In the course of the novel, Christine forms a friendship with an older farmer woman, Silvana. To come back to your question, the setting is important because it conveys a feeling I have about the human condition in general. I think we are all separate worlds from each other—on different hills, so to speak. The effort to reach across that gap is, for me, the most meaningful thing there is.
Q: Did you know how the novel would end before you started writing it, or did you make many changes along the way?
A: I didn’t know how it would end, and it went through many drafts. I wanted it to be almost a plotless novel, about small occurrences and human interactions.
The problem of water and Christine’s attempts to solve it are the strand that ties everything together. But there is no resolution: each time she thinks she’s found the answer, the situation changes. There are various culprits, but nobody is a really bad person. The worst you can say about Renato, for example, is that he is driven by self-interest.
I decided early on that Christine would have to give up the house, even though it’s the one place in the world that feels like her home. She would like to keep it, but it’s just not possible. The other, more important event that happens at the end is something which happened in life, as I was writing this. It was unexpected, but looking back I saw that the signs were there all along.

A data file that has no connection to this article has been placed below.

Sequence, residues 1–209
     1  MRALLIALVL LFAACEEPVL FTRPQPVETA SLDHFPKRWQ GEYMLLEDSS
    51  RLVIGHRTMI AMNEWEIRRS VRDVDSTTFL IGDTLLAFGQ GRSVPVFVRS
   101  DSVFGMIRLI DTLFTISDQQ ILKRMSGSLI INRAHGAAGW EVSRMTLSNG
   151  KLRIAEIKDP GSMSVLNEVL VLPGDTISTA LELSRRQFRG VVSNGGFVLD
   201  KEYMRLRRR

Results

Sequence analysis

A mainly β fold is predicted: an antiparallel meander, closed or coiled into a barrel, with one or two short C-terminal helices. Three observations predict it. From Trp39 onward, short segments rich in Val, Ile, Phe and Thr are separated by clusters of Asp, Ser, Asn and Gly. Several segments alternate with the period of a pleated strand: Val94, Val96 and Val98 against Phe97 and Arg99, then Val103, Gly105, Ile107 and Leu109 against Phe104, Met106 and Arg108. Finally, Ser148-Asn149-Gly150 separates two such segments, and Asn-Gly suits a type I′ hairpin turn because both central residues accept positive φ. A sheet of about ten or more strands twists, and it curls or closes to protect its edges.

So in a way the novel is about how the real stories in our lives often go unrecognized. They’re not what we think they are as we’re living them.
Q: What do you hope readers take away from the book?
A: I would hope a feeling of pleasure, and of having had a respite from this terrible time we’re living through. Though I don’t completely subscribe to the idea of readers “taking something away” from a novel. I think writing and reading are a two-way street.
When I was a teenager, I loved Kafka. I wrote in my diary that we helped each other: Kafka helped me because he understood me, and I helped him, by understanding him. It makes me blush now, but there is some truth to it. It comes back to us all being on separate hills, wanting to communicate.